Skip to main content
Part of complete coverage on

Tasmanian Devils' best hope for survival could rest on being less ferocious

updated 3:22 AM EDT, Tue September 4, 2012
The population of Tasmanian Devils has declined by over 60% since the mid-1990s.
The population of Tasmanian Devils has declined by over 60% since the mid-1990s.
  • Cancer spread through biting is threatening wild population of Tasmanian Devils
  • New study found most aggressive were most likely to contract disease
  • Currently no treatment for Devil Facial Tumor Disease (DFTD)
  • Estimates of 60% decline of wild population since DFTD discovered

(CNN) -- Taking the devilish element out of one of Australia's most iconic but endangered animals could save it from extinction.

Evolving to be less aggressive could be the best hope for saving Tasmanian Devils in the wild, suggest scientists from the University of Tasmania, in a new study.

The species is facing extinction from Devil Facial Tumor Disease (DFTD), an infectious cancer that is spread by the animals biting each other. It is believed that the cancer has wiped out over 60% of the animals since it was first discovered in 1996.

While the animals are solitary they are social and meet regularly either during mating, establishing social hierarchies, or when feeding around carcasses. On all occasions they bite each other.

We found the more aggressive devils, rather than being super-spreaders are super-receivers of the cancer.
Rodrigo Hamede, University of Tasmania

However, the recent study led by Rodrigo Hamede, published in the British Ecological Society's Journal of Animal Ecology, led to the surprising discovery that the less a Tasmanian Devil gets bitten the more likely it is to become infected with the cancer.

"Our results --- that devils with fewer bites are more likely to develop DFTD --- were very surprising and counter-intuitive," he said.

"In most infectious diseases there are so-called super-spreaders, a few individuals responsible for most of the transmission. But we found the more aggressive devils, rather than being super-spreaders are super-receivers."

Over a period of four years, Hamede and his research team studied the animal at two locations in Tasmania and discovered that most of the tumors found on Tasmanian Devils were located in their mouths.

"This means that more aggressive devils do not get bitten as often, but they bite the tumors of the less aggressive devils and become infected," explained Hamede.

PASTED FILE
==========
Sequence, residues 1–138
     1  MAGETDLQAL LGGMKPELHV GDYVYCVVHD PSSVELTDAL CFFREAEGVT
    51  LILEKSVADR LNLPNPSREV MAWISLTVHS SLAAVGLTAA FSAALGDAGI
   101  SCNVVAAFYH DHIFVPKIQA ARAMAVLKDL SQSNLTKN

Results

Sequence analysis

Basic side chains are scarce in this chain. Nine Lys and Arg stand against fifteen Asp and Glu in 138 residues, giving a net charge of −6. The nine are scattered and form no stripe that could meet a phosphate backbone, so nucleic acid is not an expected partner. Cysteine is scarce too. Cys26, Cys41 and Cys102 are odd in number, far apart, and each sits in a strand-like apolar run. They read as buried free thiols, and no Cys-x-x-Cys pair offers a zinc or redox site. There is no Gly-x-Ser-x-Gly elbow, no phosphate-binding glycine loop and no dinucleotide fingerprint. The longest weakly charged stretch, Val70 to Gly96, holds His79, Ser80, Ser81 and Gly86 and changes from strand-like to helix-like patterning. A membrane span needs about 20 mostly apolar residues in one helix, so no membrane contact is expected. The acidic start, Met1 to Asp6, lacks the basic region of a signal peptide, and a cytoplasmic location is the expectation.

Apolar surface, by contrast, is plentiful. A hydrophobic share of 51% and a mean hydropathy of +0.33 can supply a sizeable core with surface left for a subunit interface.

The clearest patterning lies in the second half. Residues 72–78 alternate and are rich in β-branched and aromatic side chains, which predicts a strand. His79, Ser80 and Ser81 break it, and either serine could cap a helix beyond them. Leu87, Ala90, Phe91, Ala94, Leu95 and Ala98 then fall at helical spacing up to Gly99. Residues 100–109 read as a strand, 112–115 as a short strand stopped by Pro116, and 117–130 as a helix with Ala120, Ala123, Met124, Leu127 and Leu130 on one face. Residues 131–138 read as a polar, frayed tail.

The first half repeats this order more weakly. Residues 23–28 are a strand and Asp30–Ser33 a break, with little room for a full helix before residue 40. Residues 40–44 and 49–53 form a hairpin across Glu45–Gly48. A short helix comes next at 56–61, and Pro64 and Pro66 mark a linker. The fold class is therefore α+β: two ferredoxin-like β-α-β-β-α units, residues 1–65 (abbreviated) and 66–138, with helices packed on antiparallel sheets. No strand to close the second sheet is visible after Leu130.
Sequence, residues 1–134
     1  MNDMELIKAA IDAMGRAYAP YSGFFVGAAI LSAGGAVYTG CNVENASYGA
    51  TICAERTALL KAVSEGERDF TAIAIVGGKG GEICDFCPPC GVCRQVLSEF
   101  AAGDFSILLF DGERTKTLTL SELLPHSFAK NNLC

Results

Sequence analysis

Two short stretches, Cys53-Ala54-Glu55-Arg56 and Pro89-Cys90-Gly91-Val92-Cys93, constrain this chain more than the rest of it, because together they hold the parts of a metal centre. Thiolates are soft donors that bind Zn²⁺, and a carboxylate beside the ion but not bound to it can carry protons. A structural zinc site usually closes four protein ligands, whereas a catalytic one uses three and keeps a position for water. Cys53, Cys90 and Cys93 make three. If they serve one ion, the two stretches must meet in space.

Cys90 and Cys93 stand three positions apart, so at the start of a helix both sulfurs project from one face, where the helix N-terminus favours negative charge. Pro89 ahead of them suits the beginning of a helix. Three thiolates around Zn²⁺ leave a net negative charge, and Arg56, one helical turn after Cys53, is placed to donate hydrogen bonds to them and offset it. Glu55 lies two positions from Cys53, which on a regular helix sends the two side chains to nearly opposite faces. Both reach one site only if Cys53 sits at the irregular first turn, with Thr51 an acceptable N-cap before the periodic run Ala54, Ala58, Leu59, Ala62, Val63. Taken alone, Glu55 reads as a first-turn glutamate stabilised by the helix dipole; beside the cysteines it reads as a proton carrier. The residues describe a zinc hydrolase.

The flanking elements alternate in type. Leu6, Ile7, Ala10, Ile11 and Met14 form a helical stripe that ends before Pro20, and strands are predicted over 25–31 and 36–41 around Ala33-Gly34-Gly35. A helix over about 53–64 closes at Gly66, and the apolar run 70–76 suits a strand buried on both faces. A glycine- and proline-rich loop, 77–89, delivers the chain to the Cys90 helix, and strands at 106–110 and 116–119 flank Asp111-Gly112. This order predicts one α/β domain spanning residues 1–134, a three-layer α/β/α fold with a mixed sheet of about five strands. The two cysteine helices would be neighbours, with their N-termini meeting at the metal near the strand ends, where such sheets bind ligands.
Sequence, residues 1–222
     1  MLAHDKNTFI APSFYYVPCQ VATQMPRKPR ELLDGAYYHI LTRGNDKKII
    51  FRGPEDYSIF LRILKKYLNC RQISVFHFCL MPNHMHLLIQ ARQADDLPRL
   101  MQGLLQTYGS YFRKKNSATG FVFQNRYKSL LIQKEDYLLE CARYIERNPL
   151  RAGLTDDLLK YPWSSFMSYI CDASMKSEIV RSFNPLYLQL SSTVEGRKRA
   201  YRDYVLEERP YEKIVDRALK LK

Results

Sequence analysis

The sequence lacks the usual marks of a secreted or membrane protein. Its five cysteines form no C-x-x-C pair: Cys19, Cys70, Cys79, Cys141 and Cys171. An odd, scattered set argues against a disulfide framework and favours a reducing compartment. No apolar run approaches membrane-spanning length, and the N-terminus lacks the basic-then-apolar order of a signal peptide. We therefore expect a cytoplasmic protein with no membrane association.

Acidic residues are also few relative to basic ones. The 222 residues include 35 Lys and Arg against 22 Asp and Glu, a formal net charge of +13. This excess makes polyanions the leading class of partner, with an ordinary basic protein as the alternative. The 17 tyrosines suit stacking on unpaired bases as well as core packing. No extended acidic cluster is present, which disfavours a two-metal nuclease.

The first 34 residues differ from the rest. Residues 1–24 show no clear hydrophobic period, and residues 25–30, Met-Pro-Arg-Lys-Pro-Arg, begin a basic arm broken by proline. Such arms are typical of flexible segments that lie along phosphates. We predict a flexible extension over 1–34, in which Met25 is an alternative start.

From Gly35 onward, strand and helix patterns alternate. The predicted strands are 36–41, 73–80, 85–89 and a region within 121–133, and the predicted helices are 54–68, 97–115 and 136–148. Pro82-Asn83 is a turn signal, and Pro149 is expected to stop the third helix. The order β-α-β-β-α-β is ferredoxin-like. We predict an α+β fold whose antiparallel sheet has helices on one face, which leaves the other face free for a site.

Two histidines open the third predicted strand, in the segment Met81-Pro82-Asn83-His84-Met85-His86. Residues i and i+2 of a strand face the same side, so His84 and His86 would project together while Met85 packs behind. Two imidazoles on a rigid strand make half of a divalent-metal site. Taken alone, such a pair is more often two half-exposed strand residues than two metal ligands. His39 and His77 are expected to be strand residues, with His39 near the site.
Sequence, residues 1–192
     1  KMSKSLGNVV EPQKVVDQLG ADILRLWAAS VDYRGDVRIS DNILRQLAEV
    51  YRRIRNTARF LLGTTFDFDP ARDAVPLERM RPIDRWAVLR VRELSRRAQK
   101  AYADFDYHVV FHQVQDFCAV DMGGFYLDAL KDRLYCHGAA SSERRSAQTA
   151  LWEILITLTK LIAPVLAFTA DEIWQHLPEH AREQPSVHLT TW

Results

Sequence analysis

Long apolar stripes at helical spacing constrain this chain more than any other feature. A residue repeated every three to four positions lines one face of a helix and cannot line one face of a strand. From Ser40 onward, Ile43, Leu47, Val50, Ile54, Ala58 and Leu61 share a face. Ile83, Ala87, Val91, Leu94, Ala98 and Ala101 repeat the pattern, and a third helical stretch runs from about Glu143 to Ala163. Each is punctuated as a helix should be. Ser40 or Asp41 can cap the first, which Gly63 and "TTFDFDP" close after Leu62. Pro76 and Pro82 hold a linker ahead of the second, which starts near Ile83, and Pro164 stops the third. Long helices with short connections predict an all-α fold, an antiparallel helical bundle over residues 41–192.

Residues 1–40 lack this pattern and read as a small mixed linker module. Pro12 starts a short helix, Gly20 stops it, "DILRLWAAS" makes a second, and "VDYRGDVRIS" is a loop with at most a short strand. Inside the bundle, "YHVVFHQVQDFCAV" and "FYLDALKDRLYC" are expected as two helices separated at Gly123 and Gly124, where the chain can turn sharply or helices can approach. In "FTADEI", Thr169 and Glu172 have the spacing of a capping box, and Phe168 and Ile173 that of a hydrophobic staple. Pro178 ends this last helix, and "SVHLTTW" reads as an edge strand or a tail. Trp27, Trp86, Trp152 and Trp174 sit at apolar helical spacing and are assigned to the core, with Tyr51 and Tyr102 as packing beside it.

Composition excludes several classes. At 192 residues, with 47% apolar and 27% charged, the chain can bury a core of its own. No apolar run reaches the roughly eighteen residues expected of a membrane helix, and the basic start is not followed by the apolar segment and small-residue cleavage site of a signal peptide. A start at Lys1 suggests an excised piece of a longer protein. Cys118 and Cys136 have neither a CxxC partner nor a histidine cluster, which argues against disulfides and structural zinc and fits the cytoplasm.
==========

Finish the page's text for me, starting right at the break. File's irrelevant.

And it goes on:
There is currently no vaccine or treatment for DFTD and once infected Tasmanian Devils do not live much longer than six months.

One of the study sites -- West Pencil Pine in western Tasmania -- was less badly hit by the disease, leading Hamede to feel hopeful that further research there could aid the survival of the species.

"Firstly, we need to explore the genetic differences that might be lessening the impact of DFTD in the West Pencil Pine devil population," said Hamede.

"Second, we need more detailed data on devil behavior to define 'shy' or 'bold' types. We could then use this information to develop a management strategy to reduce the spread of the disease by boosting natural selection of less aggressive, and therefore more resilient, devils."

Part of complete coverage on
updated 9:30 PM EST, Sun January 20, 2013
Patricia Wu looks at efforts to combat food waste in Hong Kong.
updated 9:33 PM EST, Sun January 13, 2013
CNN's Pauline Chiou goes to Hong Kong's annual toy fair to find out about the growing market for eco-friendly toys.
updated 11:15 PM EST, Sun December 30, 2012
CNN's Liz Neisloss reports on a roof that is only a sample of the greening of Singapore's skyline.
updated 9:16 PM EST, Tue December 18, 2012
A dam project in Cambodia could destroy livelihoods and ecosystems, says Conservation International
updated 10:22 PM EST, Mon December 17, 2012
Shipping lines, port authorities and technology companies are taking the initiative to go green and reduce costs.
updated 9:06 PM EST, Sun December 9, 2012
Less than 20 miles from Singapore's skyscrapers is a completely different set of high-rise towers.
updated 6:04 AM EST, Thu December 6, 2012
The Pitcairn Islands might only have 55 human inhabitants, but the waters surrounding them are teeming with marine life.
updated 10:22 PM EST, Sun December 2, 2012
Biofuel made from sugar cane waste in Brazil could revolutionize the global energy industry.
updated 9:58 PM EST, Sun November 25, 2012
Many believe that fuel-cell cars will overtake electric vehicles in the near future.
updated 3:20 AM EST, Mon November 19, 2012
Modern and sustainable buildings in the UAE are taking cues from an ancient Arabic design tradition.
updated 11:09 PM EST, Sun November 11, 2012
One man's artistic vision is distracting divers from Cancun's threatened underwater ecosystem.
updated 12:46 PM EST, Mon November 12, 2012
Lake Victoria, Africa's largest lake, has been plagued by water hyacinth plants for over two decades.
A turtle on Australia's Great Barrier Reef
Just how much are natural wonders like the Great Barrier Reef worth in monetary terms?